Hanna Hordynska left her home in Lviv with her sister and niece.
11 March 2022
Hanna Hordynska spent ten days escaping war-torn Ukraine, travelling by car and walking for several hours before she eventually boarded a plane to Dublin.
Ms Hordynska, 37, left her home in Lviv with her sister and niece, spending days making their way out of Ukraine.
An investment analyst, she said her nightmare journey began on February 24 when she was woken by a phone call from her boyfriend at 5am.
“His first words were ‘the war has begun, Putin has sent troops to the country and declared war on Ukraine’,” Ms Hordynska told the PA news agency.
“He told me to collect my things and be ready to go to Poland.”
She called her parents, sister and niece, who live in her hometown of Berdyansk, near Mariupol, and told them to pack their bags.
Speaking from a hotel in Dublin, she added: “I started looking for train tickets to take my family out of the dangerous region and go to western Ukraine.
“But my parents categorically refused to leave their home. Only my sister and niece left.
“And now my parents are sheltering in their bathroom and hiding during the sirens and they cannot leave.
“I have been able to speak to them but not all the time, because the Russians have damaged infrastructure and they don’t have electric all the time and the food is limited.”
Ms Hordynska said she waited for days for her sister and niece to travel to Lviv by train.
“At night, I could not contact them, as the train stopped in the field and the driver asked them to turn off the phones and all the lights, so as not to attract the attention of the Russian military, as there could be shelling of the train,” she said.
“We left Lviv and spent two days trying to get to the Polish border, but it was impossible and it was going to take a long time.
“It seemed that half of Ukraine had gathered to escape.
“People were crying and terrified and trying to hide anywhere they could.
“On the third day we went to the Romanian border, and a day later we were in Romania, where we were met by an unfamiliar beautiful Romanian family who allowed to stay in their house for two nights, until my sister’s husband came for us.
“He had been in Poland for work.
“It is mentally very hard to cross the border because my parents are in the occupied city.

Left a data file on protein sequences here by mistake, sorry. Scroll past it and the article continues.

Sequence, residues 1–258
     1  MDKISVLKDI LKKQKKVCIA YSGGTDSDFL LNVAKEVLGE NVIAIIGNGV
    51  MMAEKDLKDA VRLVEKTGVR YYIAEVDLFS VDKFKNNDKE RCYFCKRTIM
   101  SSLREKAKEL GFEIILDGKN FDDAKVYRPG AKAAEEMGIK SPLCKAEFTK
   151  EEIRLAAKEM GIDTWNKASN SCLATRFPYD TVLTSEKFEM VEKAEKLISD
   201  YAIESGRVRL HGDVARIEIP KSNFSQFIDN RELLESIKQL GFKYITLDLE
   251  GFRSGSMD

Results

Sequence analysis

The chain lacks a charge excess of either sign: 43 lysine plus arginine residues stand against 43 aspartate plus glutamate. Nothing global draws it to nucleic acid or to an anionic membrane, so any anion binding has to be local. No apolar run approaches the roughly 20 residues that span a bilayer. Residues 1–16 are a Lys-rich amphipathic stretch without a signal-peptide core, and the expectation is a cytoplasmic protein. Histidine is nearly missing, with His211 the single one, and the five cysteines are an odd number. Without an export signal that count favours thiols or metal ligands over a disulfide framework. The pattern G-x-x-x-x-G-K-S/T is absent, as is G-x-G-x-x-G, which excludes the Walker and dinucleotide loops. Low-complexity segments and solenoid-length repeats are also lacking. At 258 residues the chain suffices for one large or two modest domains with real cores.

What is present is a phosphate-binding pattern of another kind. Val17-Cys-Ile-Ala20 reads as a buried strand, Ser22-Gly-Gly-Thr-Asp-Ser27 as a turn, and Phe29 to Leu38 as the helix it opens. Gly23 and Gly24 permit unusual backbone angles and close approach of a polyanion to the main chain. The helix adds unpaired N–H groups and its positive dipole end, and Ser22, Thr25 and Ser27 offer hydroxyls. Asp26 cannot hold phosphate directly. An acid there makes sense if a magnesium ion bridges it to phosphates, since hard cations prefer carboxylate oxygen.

“It was awful and I have never felt so scared and sad in my life.
“My boyfriend, friends, colleagues remain in Kyiv and other unsafe Ukrainian cities under shelling and bombing.
“You cross the border and you don’t know if you will see each other, if they are alive.
“After a day of driving without stopping for sleep or food and with two children, we arrived in Poland. Strangers allowed us to stay overnight in their apartment in Warsaw for several days. After that we ended up in Dublin. The whole journey took 10 days.”
Ms Hordynska said she cannot sleep nor make any plans because she does not know what will happen in the coming days and weeks.
She has limited contact with her parents and said there are problems with gas and communications and food is running out.
Despite not knowing anyone in Ireland, Ms Hordynska made the decision to travel to the Irish capital as she wanted to get as far away as possible from Ukraine.
She said she is surprised and grateful for the kindness shown by strangers and Irish people.
Since arriving in Dublin last week, Ms Hordynska has been volunteering at a centre which collects donations to be sent to Ukraine.
“People have been so kind during each step getting to Ireland,” she added.
“But I don’t have nice dreams.
“I don’t sleep much because I always read about Ukraine and connect with friends and family and I can’t speak to them without crying.
“I just dream to meet my family and parents and will be with my boyfriend again. I think only about it.”